Here's a suggestion: SIMPLIFY. Making New Year's resolutions is a great idea...right up to the point where you stop doing it. Last year, I promised to keep my house clean (umm...cleaner). I made it to track season (mid-March, go me!) and then my tornadoes took over (those speedy, destructive, under-four-foot, two-legged toddler tornadoes). I had lots of excuses: work, coaching, pregnancy, blah, blah. But the truth is, I just gave up because I got overwhelmed by my goal.
     So this year, I've stolen my resolution from my preschooler's teacher. I'm going to simplify. How? This is the part that causes the most failures...the "how." For example, you can say "I'm going to get healthier." However, without specific goals, this statement is too vague. You need measurable goals to keep you accountable.That's what I'm going to do...simplify using small, measurable goals. This month, I'm going to take advantage of the below-zero temperatures to defrost my freezers and then to put things back in an orderly fashion. How about all those expired meds in my medicine cabinet? I'm going to get rid of them. I'm now a works-out-of-the-home-but-is-still-in-charge-of-the-home mom-of-three. I'm going to sign up for a class at the community college in February, buy the ingredients, and make crock pot meals that I can freeze and use later (yes, I know there are a TON of crock pot recipes out there on the internet, but I can't seem to find time or space to do it at home).One small goal per month. If I do more than that...well, yeah me!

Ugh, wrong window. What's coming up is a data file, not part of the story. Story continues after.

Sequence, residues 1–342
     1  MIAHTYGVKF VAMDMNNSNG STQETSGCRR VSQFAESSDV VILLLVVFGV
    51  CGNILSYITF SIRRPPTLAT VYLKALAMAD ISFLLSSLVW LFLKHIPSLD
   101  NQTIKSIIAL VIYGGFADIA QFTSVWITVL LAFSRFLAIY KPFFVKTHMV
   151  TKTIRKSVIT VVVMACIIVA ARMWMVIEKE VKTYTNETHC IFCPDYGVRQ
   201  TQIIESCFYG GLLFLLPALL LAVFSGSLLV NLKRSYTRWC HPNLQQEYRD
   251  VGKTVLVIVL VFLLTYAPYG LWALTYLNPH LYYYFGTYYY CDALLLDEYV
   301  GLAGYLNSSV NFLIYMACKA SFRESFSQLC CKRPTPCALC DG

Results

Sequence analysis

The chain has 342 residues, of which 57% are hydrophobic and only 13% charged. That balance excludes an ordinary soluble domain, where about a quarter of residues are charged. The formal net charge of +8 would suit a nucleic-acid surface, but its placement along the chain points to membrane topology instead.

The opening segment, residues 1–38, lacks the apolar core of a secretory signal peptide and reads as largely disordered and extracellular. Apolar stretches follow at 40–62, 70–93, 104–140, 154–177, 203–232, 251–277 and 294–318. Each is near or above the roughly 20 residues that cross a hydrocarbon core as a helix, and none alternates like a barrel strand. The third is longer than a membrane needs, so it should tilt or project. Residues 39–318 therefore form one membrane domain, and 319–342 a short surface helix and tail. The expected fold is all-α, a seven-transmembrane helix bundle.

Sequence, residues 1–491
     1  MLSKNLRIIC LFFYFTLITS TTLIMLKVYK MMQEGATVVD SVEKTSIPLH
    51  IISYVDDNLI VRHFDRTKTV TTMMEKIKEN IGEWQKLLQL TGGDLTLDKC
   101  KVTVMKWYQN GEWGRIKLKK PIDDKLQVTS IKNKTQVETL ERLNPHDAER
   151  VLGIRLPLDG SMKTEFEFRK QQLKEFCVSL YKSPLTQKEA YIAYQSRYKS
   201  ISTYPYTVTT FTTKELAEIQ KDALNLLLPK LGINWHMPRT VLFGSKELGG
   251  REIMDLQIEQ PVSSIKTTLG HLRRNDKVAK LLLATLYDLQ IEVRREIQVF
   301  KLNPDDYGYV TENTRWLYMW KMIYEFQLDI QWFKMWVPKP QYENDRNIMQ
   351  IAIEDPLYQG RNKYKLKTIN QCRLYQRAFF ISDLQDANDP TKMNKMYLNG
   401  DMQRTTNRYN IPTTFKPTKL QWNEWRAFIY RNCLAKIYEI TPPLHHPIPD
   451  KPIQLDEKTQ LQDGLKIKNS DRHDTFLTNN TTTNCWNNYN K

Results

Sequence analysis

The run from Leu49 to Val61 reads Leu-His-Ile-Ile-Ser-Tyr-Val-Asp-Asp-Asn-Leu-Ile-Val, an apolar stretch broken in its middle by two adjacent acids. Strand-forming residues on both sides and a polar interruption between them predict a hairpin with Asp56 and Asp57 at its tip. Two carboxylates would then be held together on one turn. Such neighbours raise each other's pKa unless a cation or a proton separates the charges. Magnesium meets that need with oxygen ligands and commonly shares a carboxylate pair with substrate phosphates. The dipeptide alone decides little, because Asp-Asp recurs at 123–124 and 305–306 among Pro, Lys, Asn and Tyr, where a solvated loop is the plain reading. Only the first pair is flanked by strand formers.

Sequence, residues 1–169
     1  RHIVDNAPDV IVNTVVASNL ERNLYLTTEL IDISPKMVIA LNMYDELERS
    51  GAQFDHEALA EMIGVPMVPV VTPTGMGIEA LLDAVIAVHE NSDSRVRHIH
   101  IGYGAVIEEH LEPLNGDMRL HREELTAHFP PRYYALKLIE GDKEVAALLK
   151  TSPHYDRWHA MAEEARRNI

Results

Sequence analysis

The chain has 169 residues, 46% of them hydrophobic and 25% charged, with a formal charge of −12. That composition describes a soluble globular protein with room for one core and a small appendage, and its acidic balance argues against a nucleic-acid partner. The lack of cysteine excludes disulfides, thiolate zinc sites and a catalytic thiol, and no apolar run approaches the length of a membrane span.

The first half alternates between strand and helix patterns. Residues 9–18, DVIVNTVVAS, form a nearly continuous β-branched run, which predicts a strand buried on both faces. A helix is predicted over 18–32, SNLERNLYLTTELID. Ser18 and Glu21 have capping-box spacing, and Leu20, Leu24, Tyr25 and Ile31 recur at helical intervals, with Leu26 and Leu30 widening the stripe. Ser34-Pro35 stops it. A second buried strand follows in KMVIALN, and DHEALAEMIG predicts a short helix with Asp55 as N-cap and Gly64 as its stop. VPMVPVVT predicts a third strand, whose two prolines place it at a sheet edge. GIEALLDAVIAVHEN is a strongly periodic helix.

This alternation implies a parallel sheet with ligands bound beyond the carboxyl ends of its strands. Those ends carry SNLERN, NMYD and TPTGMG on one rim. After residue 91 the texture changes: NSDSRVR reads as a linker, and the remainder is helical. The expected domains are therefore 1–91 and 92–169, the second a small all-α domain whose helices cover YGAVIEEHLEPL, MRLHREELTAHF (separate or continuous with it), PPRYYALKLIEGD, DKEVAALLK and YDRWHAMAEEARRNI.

So what can you do to simplify and specify your New Year's resolution in order to succeed? Perhaps it's just the realization that you can't SIMPLY need to take it day-by-day, moment-by-moment. SIMPLY praise and reward yourself. SIMPLY start over if you make a mistake. SIMPLY know that no one is perfect. SIMPLY know that you don't need to do it all at once. SIMPLIFY TO SUCCEED.

~ Jessica McCaslin, Therapist


From Our EAP...
Dealing with Debt & Credit Problems

     Is your New Year's resolution to work on getting out of debt? Here are some tips for you:
Are You in Trouble with Debt?
     ■ An increasing amount of your income is going to debt payments.
     ■ You pay only the minimum amount on loans and credit cards.
     ■ You have reached your limit on credit cards.
     ■ You use credit cards to pay for things that you used to pay for with cash.
     ■ Debt prevents you from making contributions to your retirement plan.
     ■ You experience worry, anxiety, or sleeplessness over debt problems.
     ■ You've been in debt before, got out of it, but are burdened by debt again.
Take Action Now
     The first step to resolving debt problems is to decide on the steps to accomplish your goal. This includes making a complete list of the amounts owed and the terms of payment for each amount. Chances are you could use some advice on how to proceed. Many books exist on the subject of eliminating debt. Most bookstores will have numerous offerings. There are also non-profit organizations in every state. They can help you identify steps to take and provide other related services. These include working with your creditors to help make payments easier and advising you on the consequences of claiming bankruptcy, which should only be done with appropriate professional and legal guidance.